The acquisition of global rights for a novel heart failure drug could help millions of people
A European biopharma company has acquired the global rights of a novel treatment for people with late-stage heart-failure developed by scientists at the Baker Heart and Diabetes Institute.
The extended-release therapy, developed by leading heart failure researcher, Professor David Kaye and colleagues, has the potential to address the current unmet needs of late-stage heart failure patients.
Moving the discovery from the laboratory through the commercialisation pipeline has been key to this development, with heart failure researcher and investment analyst, Dr Melissa Byrne bringing her unique skillset — honed both here in Australia and the US — to bear in advancing this process, along with the Institute’s Commercialisation Manager, Dr Guy Krippner.
With considerable groundwork already completed, the license agreement now means that the European company can pursue regulatory approval of this drug for clinical use in countries including the US where FDA has agreed to an orphan designation for use in the lead clinical indication to treat patients with left ventricular assist devices (LVAD) that develop right heart failure. Patent claims have been granted in US, Europe Japan and China, with a further claim in Europe pending.
Heart failure is a global pandemic affecting at least 26 million people worldwide and is increasing in prevalence1. Health expenditure on heart failure is considerable and will increase dramatically with an ageing population. Despite the significant advances in therapies and prevention, death and disability are still high and quality of life poor.
The breakthrough offers a patient-friendly and convenient oral treatment of existing drug, Milrinone, with this slow-release oral capsule saving these patients the need for repeated and more invasive IV infusions which often require a hospital stay.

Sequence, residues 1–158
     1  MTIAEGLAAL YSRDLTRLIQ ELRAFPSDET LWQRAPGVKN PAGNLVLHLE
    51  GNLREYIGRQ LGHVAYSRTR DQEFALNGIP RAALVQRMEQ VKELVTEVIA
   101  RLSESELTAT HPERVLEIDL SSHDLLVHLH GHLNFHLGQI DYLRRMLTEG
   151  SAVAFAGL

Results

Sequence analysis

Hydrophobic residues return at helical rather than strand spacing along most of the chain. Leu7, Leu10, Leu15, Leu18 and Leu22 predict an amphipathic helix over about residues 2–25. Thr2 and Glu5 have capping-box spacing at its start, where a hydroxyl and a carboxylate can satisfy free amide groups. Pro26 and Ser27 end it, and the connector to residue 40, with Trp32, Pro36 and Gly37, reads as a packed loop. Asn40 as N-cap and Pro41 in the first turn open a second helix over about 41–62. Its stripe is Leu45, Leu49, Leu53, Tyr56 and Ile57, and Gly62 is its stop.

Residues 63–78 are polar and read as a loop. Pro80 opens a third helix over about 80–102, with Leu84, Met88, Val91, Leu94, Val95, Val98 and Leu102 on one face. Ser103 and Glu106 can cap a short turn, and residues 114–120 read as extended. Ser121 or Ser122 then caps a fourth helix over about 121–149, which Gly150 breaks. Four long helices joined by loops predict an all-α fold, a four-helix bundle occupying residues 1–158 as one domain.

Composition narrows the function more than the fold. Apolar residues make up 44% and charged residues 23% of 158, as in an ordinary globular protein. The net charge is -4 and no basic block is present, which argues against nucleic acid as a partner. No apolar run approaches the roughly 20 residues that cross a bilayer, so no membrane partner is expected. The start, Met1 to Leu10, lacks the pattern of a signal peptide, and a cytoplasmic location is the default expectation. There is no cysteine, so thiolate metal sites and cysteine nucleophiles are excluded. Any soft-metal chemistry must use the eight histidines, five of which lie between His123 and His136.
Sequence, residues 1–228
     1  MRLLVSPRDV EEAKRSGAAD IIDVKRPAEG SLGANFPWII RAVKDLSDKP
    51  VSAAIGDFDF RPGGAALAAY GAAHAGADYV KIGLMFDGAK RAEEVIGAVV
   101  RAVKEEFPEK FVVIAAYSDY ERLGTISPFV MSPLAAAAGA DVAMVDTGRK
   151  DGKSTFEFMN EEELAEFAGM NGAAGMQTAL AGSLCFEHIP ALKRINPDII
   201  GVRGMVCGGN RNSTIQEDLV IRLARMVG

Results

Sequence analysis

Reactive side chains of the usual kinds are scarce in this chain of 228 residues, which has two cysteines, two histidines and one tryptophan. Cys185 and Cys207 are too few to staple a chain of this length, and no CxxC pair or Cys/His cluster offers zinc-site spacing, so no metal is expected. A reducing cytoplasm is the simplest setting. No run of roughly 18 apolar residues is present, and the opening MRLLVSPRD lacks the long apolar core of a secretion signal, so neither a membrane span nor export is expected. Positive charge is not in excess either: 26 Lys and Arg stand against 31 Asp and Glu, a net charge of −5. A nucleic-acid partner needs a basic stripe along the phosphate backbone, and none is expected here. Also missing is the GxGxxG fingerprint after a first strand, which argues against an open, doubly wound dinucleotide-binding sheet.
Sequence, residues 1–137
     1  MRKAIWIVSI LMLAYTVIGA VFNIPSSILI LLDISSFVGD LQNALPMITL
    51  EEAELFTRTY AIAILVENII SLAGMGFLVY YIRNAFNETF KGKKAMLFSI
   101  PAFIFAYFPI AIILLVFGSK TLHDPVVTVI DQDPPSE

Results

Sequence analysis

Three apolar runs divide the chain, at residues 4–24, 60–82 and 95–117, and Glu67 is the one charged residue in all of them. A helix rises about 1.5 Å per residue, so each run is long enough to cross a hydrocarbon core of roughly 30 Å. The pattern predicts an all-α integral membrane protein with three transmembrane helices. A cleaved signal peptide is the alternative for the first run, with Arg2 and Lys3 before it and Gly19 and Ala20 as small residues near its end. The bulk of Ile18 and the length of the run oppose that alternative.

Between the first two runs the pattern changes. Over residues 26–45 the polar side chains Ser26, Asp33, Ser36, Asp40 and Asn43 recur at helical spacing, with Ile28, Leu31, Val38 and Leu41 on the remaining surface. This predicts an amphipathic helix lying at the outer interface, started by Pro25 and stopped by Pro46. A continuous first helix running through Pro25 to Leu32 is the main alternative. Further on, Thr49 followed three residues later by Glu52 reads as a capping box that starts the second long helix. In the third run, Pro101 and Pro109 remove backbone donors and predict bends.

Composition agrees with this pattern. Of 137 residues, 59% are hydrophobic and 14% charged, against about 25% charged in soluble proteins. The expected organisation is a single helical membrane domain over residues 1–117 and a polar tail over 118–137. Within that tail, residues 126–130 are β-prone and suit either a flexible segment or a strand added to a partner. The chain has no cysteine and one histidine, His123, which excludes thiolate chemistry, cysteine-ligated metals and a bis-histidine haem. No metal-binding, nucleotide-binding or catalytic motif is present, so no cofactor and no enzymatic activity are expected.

Professor Kaye has witnessed the growing impact of heart failure on the quality of life of his patients — particularly those forced to spend time on the hospital ward away from family — and the development of this novel therapy aims to address these significant quality of life issues.
This advance builds on a successful track record in commercialisation by Professor Kaye, who also heads The Alfred Hospital’s Cardiology Department. The bench to bedside model allowing Professor Kaye to spend his time between the Institute’s labs and the hospital clinics, which are directly linked by a physical walkway, has provided a conducive environment for bringing innovation to an important and growing area of cardiovascular disease where few effective therapies are available.
Professor Kaye says, “Patients with end-stage heart failure — a serious, debilitating disease — experience extreme difficulties breathing, have a very poor quality of life and suffer from multiple, severe co-morbidities”.
“By delivering this treatment in a more convenient oral form, in many cases they are able to avoid frequent hospital stays and time away from their loved ones.
“Our experience and expertise in translating our research, thanks in part to talented people like Dr Byrne, is helping us to achieve our vision and deliver better health for people globally.”
- Savarese G, Lund LH. Global public health burden of heart failure Card Fail Rev. 2017;3(1):7–11